Taking A Look At The Incredibly Successful Multiplayer Genre
Impressively gaining attention for well over a year now, multiplayer enthusiasts everywhere have been glued to the overly hyped PvP action that is battle royale mode. While there seems to be no sign of slowing down for battle royale front-runner Fortnite, other multiplayer titles like Player Unknown Battlegrounds or H1Z1 have recently experienced unsavory drops in overall player count. Could the latest drops in the popular multiplayer mode foretell an inevitable future of repetition and apathy? Or will it continue to grow with creative twists and original concepts?
It’s no secret that Fortnite’s free to play Battle Royale mode has garnered an absurd amount of profit since its release a year ago. Going on these stats alone should be enough to prove that there is, in fact, a massive audience for the strategic and highly skilled experience that’s been shaking the online gaming world so vibrantly. But Fortnite’s competitors seem to be telling another tale of dropping player counts; and with upcoming battle royale games on the horizon, is there concern for their future in the genre, as well as Fortnite’s?
Simplicity is Key
The formula is relatively simple: players start with virtually nothing, drop into the map at coordinates of their own choosing and begin to hunt. Not just hunt for other players, mind you, but for viable resources and supplies, such as weapons, armor, health items and other beneficial upgrades. Players can choose to pair up with other players giving a slight nod to cooperative play, or take on an “every man for themselves” approach in solo matches. Once a player is defeated, they leave the lobby and on to another match with a slew of new players.
It’s a formula easy enough for most players, both casual and hardcore, to pick up and play. But seeing any sort of success comes only to those who typically commit themselves to the one type of gameplay style, or particular game itself. It’s hard to imagine any game or genre continuing to see the amount of success Fortnite has seen over the past year. Even popular online titles like World of Warcraft or Call of Duty has seen slight slumps in player activity, mostly due to inner genre competition. After all, it’s only been a year with Fortnite, which isn’t exactly a long time for things to settle in and become stale.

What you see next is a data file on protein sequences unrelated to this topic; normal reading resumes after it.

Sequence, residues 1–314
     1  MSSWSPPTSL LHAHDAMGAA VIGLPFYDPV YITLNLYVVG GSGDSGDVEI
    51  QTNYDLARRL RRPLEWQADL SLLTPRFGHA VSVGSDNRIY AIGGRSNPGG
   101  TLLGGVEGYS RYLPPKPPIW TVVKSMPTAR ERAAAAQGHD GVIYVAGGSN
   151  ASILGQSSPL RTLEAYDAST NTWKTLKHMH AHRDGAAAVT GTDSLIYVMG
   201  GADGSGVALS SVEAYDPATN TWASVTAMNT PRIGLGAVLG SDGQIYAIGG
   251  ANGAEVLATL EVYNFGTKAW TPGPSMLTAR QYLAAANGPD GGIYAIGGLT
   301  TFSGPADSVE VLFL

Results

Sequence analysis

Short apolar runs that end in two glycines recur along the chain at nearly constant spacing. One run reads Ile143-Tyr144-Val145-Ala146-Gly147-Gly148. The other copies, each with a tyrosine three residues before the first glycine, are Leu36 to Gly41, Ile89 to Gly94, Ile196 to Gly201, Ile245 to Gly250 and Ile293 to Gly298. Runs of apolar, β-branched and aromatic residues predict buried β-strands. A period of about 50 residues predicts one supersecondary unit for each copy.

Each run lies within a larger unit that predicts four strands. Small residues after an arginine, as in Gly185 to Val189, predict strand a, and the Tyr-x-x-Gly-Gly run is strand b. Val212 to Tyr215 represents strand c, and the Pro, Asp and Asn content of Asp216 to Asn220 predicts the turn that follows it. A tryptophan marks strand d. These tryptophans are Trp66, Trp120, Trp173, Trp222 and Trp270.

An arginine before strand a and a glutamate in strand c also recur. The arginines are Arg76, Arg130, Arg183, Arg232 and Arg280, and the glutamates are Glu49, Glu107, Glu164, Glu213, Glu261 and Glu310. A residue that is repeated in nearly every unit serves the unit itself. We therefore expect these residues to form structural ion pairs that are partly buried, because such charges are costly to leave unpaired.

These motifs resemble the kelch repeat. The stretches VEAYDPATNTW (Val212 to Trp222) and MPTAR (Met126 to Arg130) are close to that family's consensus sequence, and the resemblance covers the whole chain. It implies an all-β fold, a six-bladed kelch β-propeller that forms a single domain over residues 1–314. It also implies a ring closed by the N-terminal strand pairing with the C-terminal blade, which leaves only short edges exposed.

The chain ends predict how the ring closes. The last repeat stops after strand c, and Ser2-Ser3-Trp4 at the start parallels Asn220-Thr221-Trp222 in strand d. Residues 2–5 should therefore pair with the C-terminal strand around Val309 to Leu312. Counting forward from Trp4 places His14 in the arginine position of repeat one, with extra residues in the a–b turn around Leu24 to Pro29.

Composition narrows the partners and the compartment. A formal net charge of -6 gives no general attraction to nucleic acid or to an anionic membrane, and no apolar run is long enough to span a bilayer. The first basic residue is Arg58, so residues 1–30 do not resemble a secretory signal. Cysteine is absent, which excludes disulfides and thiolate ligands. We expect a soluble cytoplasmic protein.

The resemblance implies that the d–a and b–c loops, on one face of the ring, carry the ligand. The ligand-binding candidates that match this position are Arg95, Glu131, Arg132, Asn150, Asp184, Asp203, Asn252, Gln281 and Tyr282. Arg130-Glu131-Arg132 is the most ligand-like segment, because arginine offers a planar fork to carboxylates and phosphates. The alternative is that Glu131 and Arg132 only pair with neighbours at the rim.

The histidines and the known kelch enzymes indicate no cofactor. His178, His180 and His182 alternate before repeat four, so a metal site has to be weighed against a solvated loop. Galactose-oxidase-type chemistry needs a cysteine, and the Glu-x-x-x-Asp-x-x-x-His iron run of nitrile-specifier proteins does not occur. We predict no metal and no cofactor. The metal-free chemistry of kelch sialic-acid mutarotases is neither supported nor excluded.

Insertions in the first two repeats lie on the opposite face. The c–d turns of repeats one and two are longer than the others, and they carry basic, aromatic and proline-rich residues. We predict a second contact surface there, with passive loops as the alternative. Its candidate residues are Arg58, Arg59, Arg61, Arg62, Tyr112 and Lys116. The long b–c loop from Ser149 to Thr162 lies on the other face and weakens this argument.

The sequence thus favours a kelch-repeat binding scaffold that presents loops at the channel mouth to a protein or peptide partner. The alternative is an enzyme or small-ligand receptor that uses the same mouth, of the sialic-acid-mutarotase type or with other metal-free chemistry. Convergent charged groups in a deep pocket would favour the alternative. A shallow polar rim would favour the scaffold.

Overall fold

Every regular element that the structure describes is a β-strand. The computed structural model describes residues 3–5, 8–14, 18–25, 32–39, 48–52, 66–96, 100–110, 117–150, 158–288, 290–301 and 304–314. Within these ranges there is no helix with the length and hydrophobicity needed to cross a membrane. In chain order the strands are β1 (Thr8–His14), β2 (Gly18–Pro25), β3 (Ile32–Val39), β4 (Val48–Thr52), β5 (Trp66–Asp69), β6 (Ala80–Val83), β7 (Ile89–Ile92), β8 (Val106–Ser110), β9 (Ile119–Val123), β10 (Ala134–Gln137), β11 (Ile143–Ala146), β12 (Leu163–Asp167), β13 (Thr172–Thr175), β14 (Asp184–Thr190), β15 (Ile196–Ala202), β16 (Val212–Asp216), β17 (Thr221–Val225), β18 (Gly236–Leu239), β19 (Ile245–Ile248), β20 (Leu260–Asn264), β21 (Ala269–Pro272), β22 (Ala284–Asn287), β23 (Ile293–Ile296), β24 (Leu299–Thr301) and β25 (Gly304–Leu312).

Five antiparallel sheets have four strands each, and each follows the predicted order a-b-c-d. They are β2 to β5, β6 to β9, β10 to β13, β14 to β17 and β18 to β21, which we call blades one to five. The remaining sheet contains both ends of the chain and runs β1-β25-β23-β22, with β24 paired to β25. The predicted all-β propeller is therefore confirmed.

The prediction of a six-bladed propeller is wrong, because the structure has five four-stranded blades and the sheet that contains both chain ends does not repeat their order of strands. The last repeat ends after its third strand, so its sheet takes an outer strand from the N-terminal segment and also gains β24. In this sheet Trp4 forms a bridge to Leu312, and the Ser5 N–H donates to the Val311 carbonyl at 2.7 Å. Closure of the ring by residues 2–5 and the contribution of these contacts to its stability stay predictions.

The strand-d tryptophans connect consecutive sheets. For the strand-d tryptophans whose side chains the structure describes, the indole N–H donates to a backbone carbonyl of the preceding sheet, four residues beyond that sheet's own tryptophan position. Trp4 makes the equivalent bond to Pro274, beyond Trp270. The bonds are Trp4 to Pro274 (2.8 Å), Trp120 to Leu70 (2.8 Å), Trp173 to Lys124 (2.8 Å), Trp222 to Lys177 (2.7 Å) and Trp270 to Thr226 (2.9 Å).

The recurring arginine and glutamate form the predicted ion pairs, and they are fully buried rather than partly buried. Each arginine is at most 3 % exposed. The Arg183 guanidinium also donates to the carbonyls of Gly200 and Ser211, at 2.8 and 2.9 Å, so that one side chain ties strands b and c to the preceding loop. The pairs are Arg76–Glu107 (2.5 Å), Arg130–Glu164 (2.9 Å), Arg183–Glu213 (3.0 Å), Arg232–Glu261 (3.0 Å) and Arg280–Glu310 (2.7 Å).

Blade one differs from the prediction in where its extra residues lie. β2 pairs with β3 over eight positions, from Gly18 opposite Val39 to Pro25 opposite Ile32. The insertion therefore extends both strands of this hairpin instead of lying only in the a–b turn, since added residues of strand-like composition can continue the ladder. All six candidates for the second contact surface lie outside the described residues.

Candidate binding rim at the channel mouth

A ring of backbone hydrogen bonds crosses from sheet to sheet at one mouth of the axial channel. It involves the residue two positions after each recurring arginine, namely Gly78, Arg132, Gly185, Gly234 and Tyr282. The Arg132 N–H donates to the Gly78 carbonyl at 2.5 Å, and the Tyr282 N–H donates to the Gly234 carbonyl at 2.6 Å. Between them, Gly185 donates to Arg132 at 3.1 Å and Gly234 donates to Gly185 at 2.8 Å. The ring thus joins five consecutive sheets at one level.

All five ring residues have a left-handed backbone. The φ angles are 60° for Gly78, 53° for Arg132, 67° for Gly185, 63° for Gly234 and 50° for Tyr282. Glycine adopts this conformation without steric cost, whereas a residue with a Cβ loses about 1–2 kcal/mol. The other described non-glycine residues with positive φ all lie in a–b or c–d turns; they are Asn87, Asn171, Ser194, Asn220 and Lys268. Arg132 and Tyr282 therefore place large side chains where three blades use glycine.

But, perhaps that’s the point. It hasn’t been long since Fortnite has taken over the battle royale scene, and in this little amount of time the free to play game has raked in well over $100 million dollars in revenue, largely due to upgradable cosmetic items. What’s more is that Fortnite’s formula particularly caters to a much broader audience when compared to others in the genre. Fortnite mixes survival, online PvP/Co-op, shooter and creative constructing options all in one game. One match. And it also seems to be a massive success in views for Twitch streamers, proving that many just enjoy watching the mega-popular competitive online play from some of the industry’s best competitors.
With that being said, all great endeavors do eventually come to an end. And with tons of developers trying their hardest to jump on board the battle royale bandwagon attempting to bring their ideas to the community, how long before we’re overly fatigued from the “win or go home” matches that battle royale brings? Titles such as, Mavericks: Proving Grounds, Europa, Battlerite Royale, Dying Light: Bad Blood, Fear the Wolves, Call of Duty Black Ops 4, Rapture Rejects, Fractured Lands and Egress are still to release in the remaining 6 months of 2018. Not to mention the list of games currently in Early Access offering the battle royale treatment. Granted, most of these titles all have their own unique tweaks to the standard battle royale formula, but that’s also a lot of the same style of gameplay for fans to digest.
Will Battle Royale Continue Its Hot Streak?
In due time, there’s no doubt we will see just exactly where the tremendously popular battle royale genre is headed. It’s not so much a gimmick like motion controls or 3D gaming (possibly VR, as well), but it’s not outrageous to consider it less than a growing mainstay feature, unlike standard cooperative play or online deathmatches. Battle royale is much more of a “you either love it or hate” scenario, but one that has no doubt seen an awful lot of success. As for now (and if the above list of future BR titles says anything), we’re sure to see loads of new battle royale experiences brought to the table in the coming months, and it’s highly doubtful things will begin to stutter anytime soon. After all, we’ve still yet to see what AAA studios can do with the genre, i.e. Treyarch with Black Ops 4.
If the numbers are anything to go by, battle royale – and its current champion, Fortnite – is here to stay, at least for a while. This time next year, even next-gen, may be an entirely different story. But as long as fans continue to play and help the genre grow in new and inventive ways, why not embrace the next big leap in online gaming?